UCL School of Management

Organisations & Innovation

The faculty in this group share a common interest in the social psychology of individuals, teams, social networks, and processes within organizations. Topics of interest include creativity, innovation, leadership, negotiations, personality, decision-making, cooperation and competition. Our methods for data collection and analysis are diverse, including survey research, interviews, social psychology experiments, inductive qualitative research, multi-method field studies, and network analyses. Despite this diversity, there is a common focus on understanding individual and team outcomes within organizations.

GENDER DIFFERENCES IN WORKPLACE

I examine the effect of gender on a wide set of organizational outcomes such as perceptions, attitudes, performance.

Team Leadership

Team leadership is not only the domain of individual team leaders. Authority for key leadership functions can be shared over time.

Creativity, Improvisation, and Organizations

Not all creativity in organizations is planned -- improvisation plays a key role in contemporary organizational life

Helping Creative Teams

Teams doing creative work often need external help. Who do they go to?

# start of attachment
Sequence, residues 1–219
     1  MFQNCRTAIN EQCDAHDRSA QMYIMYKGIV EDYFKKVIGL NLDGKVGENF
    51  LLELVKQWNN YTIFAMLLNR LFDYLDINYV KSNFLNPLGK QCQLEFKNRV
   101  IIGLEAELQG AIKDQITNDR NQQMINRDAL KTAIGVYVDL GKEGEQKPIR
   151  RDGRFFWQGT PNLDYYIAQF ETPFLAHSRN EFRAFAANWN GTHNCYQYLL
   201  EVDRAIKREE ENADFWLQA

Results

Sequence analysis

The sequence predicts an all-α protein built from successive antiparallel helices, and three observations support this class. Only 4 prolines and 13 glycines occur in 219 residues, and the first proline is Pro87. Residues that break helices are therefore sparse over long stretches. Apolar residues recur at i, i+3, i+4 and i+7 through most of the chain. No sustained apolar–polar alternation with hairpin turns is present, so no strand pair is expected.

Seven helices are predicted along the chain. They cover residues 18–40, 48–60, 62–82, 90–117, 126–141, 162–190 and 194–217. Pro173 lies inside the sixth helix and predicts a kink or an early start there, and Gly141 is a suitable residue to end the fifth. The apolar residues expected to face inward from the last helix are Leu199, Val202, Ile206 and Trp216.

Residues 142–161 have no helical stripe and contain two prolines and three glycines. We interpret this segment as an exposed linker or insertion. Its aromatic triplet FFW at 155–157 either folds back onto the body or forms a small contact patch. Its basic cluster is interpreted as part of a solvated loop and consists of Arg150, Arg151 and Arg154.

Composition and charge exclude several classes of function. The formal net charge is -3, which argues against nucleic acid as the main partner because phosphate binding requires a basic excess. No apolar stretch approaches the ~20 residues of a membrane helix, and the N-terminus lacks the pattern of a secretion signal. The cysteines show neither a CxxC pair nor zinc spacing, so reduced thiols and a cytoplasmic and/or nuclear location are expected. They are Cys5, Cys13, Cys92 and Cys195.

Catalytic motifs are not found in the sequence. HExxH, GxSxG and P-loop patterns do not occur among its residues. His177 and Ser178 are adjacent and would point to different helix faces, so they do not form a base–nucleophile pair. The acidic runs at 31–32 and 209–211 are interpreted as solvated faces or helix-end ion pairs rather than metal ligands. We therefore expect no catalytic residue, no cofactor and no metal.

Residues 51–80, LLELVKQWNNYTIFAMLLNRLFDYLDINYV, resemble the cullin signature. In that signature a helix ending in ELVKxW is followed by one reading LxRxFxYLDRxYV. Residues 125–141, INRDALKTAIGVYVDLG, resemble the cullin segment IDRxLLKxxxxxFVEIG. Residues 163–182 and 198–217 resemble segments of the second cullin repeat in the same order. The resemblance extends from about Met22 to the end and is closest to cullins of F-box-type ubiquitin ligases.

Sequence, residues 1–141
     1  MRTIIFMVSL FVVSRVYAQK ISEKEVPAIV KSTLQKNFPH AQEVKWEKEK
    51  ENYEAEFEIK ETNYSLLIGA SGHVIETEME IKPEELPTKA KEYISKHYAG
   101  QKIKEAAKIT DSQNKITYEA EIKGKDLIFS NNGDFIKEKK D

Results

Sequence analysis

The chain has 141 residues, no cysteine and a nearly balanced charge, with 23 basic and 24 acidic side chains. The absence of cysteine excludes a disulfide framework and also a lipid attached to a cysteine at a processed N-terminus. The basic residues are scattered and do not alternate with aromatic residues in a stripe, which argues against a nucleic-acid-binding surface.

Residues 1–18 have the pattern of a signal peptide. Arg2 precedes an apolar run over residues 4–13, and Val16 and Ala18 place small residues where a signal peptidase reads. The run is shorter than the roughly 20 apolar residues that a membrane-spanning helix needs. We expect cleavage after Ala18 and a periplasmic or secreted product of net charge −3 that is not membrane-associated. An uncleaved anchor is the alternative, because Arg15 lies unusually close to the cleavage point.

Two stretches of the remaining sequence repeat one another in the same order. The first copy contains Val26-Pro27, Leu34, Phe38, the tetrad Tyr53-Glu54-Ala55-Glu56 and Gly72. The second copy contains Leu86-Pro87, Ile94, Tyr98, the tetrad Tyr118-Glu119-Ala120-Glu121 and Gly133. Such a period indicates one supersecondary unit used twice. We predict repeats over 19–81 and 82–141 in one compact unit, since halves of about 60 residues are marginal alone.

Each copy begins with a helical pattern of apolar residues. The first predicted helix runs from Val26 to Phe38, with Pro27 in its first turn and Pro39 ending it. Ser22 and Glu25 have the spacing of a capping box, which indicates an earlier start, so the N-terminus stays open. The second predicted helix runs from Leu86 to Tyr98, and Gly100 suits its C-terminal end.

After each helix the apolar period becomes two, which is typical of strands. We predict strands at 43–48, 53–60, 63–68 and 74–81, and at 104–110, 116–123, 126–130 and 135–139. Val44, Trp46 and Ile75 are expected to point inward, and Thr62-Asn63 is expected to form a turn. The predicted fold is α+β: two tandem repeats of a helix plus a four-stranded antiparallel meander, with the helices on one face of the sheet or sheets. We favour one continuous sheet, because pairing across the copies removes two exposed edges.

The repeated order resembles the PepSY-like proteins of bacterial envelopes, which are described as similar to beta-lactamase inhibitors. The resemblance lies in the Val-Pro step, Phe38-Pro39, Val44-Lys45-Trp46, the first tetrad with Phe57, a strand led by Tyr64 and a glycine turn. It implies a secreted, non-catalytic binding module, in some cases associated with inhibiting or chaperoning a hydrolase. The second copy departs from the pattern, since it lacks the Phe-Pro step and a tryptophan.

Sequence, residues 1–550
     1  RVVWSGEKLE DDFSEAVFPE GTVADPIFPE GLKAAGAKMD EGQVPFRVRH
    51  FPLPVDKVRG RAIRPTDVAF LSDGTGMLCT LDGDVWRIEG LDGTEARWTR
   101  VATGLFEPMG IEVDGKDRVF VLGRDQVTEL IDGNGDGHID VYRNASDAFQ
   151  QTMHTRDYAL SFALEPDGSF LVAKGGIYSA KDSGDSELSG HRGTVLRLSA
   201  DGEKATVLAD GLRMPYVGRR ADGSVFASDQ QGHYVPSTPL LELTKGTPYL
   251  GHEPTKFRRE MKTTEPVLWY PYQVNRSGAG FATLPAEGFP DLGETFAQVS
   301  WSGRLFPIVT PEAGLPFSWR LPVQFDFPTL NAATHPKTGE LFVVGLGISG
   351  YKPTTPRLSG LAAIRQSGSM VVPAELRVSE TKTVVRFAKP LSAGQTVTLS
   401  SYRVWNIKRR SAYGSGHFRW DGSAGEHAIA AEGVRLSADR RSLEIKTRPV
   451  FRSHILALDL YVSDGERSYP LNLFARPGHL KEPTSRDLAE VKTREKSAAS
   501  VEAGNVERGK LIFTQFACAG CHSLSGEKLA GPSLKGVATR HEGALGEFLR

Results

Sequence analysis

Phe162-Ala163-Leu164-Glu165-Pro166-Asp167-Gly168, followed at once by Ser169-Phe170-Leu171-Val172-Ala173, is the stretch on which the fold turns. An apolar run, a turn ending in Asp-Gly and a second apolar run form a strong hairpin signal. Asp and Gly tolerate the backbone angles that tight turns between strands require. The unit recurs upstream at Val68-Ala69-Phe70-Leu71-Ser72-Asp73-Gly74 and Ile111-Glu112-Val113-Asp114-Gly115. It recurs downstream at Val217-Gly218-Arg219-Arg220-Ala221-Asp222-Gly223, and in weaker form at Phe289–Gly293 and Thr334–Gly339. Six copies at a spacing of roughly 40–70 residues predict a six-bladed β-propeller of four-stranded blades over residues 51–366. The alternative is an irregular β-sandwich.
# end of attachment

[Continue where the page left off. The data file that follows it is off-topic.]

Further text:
Timing of Team Coaching Interventions

When to intervene to help a team can be as important as what to do.

Helping Creative Teams

This research explores how design teams get help over time and the characteristics of the most helpful help and helpers.

The effects of perspective-taking on creativity

Despite the plethora of positive outcomes associated with taking others' perspectives, perspective-taking stifles original idea generation.

The consequences of engaging in creative work

Rather than researching creativity as an outcome, we explore the positive and negative consequences of engaging in creative work.

Decision making processes in healthcare teams

Examining healthcare decisions in multi-disciplinary cancer care teams

Interdependence and organizational decisions

How and why do organizational decision makers, in personnel decisions, differently evaluate candidates from different social groups?